How To Cultivate a Daily(ish) Journaling Practice

photo courtesy of toa heftiba via unsplash

I’ve been journaling for most of my life. I was around eight or nine when I first picked up the habit. I don’t remember what prompted me to start back then, but I do know that it quickly became clear that writing down my thoughts was often much better than holding onto them (especially when those thoughts turned to the angsty teenage variety).

I made my way through numerous types of journals. I had a password journal for a time (remember those?), moved onto livejournal (apparently it’s still a thing!) when the internet began to entice me, and there was a period of time when I would type up my journal entries in in individual files on my computer and keep them on a floppy disk (revealing my age here).  Of course, regular notebooks are my favorite and have been the most lasting journal form. Many of them have stuck with me to this day, currently hidden in my closet and pulled out occasionally when I’m feeling nostalgic or wanting to see some evidence of growth.

Journaling has always made me feel better, and that’s why I do it. I consider it one of my “meds” for helping me cope with what’s going on around me and for getting me out of my head, particularly during the times when I find that I’m the one getting in my way. I haven’t always been super consistent with my journaling, but over the past two years I’ve tried to work toward a little more consistency and have found that as I do this, my mental health also seems to improve.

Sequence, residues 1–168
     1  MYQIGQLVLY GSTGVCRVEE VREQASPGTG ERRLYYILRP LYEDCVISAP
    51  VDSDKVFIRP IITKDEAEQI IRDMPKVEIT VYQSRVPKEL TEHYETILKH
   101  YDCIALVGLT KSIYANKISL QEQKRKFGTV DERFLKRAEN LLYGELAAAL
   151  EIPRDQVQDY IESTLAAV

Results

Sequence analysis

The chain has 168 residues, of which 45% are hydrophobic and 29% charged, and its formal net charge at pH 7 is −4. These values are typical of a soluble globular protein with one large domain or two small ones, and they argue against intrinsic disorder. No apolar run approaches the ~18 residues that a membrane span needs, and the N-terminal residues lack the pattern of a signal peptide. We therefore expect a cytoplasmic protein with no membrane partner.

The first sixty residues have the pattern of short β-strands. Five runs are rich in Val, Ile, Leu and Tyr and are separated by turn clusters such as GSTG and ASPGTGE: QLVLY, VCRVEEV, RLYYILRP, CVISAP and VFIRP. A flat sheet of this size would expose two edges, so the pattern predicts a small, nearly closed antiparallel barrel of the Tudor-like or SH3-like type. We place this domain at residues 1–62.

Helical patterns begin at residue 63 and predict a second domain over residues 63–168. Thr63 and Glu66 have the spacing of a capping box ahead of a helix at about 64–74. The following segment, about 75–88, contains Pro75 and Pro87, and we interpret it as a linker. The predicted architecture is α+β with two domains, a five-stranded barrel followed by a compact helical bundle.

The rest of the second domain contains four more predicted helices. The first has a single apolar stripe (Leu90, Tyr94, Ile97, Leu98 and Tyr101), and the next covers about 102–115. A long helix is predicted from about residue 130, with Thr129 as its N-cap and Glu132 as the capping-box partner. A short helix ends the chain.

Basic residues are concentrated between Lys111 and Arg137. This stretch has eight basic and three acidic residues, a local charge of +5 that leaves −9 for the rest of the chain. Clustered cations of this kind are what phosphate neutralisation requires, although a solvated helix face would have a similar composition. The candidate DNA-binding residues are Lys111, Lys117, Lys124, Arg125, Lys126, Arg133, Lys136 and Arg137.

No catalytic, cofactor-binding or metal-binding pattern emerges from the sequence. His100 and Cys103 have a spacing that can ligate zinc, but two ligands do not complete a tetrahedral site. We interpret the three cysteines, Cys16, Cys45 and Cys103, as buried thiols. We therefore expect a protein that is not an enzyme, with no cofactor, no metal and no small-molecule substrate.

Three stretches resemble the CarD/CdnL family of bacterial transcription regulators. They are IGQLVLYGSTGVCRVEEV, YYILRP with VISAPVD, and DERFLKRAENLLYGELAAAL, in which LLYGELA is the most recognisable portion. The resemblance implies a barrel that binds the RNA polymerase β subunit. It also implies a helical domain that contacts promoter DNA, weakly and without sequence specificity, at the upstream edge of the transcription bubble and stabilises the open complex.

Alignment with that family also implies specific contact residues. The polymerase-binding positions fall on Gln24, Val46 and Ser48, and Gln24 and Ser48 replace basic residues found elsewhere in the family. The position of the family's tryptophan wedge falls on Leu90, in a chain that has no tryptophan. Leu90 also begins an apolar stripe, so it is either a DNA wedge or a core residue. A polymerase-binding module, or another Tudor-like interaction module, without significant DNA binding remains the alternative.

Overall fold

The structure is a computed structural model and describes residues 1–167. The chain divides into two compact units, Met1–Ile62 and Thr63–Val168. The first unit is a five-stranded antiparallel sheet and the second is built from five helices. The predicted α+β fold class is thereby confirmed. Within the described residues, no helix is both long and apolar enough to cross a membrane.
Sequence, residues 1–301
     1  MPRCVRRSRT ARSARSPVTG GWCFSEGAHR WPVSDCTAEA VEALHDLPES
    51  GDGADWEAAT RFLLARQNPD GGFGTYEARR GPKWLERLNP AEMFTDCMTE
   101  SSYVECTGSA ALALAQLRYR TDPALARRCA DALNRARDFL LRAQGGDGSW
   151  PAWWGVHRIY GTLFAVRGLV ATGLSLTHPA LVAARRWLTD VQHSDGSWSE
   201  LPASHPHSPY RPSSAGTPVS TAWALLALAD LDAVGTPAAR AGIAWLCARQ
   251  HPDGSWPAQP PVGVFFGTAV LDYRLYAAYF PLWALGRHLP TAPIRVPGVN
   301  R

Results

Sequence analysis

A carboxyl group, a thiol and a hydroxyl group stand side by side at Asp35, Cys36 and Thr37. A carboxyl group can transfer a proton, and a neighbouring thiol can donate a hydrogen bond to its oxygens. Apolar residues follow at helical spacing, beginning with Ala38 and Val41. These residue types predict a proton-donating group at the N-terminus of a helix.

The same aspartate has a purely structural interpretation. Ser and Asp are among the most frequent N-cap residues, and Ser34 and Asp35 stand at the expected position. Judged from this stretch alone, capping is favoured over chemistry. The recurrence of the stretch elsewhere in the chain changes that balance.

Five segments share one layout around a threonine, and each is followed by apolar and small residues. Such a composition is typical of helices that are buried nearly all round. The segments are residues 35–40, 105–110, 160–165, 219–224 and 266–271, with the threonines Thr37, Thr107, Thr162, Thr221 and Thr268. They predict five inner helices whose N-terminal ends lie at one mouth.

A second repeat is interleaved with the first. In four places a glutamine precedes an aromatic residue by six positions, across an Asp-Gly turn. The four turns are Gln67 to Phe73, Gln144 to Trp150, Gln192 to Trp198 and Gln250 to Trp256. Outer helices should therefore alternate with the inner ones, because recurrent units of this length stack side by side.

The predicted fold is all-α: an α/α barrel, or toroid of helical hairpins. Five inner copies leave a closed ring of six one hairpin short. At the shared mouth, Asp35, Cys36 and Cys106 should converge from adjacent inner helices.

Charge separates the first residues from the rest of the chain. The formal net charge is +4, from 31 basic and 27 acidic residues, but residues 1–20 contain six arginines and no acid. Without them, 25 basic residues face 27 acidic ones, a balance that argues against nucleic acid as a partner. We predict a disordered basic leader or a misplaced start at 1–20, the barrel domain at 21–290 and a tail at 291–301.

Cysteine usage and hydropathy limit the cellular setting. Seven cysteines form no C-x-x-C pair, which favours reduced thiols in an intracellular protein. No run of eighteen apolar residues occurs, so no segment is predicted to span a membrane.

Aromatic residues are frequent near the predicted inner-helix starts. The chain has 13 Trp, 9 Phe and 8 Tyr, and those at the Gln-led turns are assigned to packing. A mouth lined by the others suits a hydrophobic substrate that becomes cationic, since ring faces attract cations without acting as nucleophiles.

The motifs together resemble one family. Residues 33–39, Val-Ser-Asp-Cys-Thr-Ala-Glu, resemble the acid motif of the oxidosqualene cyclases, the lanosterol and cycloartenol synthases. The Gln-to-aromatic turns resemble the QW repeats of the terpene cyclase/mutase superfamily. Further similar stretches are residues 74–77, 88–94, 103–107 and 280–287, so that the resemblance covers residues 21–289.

I am a writer, so perhaps journaling has seemed a more of a natural outlet for me than others, but that doesn’t mean that it’s impossible to become someone who journals if you’re not someone who particularly enjoys writing. I won’t say I’ve got journaling down to a daily practice, but over the years I’ve figured out just how to get more serious and disciplined about it. And I want to share that with you. This post will be the first installation of a series of posts about journaling and is intended to help get you started or pick up the habit once again. 🙂

Here are my tips for getting into journaling if you’re someone who wants to journal, perhaps not every day, but daily…ish.

The “Why”

I like to recommend this step for so many new practices because when you know why you want to do something and internalize that reason, it’s much easier to jump back on the habit if you fall off (which we often do when starting new things anyway). So start here. Ask yourself why you want to journal.